TLC's My Strange Addiction is back for a fourth season, and that is terrific because it such a hilarious show. On it, nothing is sacred, not even the concept of addiction, which is stretched to include things that you don't need a degree in addicitionology to know are not real addictions—if growing one's fingernails and toenails are addictions, they are the slowest release capsules possible. This may be too irreverent and insensitive for some, but I read it as media criticism: Reality TV is not the best source of addiction information. At times, though the show deals with real people (presumably) telling their true stories, it reads as parody.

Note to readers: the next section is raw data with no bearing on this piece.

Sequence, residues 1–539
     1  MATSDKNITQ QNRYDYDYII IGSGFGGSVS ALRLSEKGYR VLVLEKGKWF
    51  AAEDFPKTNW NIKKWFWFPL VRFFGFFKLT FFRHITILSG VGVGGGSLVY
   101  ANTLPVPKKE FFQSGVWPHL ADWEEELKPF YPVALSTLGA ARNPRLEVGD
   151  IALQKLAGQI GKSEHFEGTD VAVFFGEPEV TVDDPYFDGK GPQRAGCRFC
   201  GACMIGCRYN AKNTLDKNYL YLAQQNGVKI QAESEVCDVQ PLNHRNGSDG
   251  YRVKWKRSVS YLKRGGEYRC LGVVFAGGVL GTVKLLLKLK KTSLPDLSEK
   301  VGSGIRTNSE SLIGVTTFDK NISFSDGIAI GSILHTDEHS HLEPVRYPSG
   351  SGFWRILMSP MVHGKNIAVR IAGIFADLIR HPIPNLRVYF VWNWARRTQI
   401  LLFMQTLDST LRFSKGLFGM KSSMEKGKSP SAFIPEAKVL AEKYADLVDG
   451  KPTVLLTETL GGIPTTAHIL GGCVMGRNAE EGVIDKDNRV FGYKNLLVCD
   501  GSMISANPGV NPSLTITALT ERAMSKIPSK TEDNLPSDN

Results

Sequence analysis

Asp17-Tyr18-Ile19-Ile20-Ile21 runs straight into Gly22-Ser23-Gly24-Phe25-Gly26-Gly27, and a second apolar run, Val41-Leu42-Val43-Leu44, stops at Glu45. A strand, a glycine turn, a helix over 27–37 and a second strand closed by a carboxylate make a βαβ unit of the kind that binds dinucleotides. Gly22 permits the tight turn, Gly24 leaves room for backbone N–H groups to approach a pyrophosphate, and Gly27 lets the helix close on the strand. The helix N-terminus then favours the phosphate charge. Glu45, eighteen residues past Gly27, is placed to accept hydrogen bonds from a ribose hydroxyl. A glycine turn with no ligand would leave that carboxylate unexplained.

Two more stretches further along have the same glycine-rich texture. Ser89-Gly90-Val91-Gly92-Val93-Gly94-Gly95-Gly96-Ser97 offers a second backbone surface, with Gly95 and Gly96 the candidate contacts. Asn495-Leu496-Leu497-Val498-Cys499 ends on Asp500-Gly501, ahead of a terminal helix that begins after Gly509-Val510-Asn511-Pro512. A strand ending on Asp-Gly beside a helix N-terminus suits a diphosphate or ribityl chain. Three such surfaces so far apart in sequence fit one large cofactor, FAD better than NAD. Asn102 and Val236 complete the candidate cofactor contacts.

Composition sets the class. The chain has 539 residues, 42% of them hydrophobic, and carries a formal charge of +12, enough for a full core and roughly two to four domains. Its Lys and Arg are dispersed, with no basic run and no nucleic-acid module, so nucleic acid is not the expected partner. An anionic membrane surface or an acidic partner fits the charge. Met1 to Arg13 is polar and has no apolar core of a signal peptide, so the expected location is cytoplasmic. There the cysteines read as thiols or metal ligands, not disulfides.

This is a show not just about strange addictions, but about the public's addiction to strangeness. It's a platform for weird people to tell their weird stories, hitting at the essence of reality TV with very little pretension. At this point, there is a format: the first segment has people describing their addictions, the second has people coming out to a friend or relative (or focuses on the concern of an already in-the-know relative) and the third features them meeting with an expert. Generally, the episode ends with the strange addict rejecting advice and holding onto his or her addiction, which can be as whatever as carrying around a pillow or as serious as huffing gasoline dozens of times a day.

The supercut above focuses on the dramatic-chimpmunking of aforementioned friends and family when the strange addicts come out to them. This show is so self-aware, it includes a Greek chorus of furrowed brows.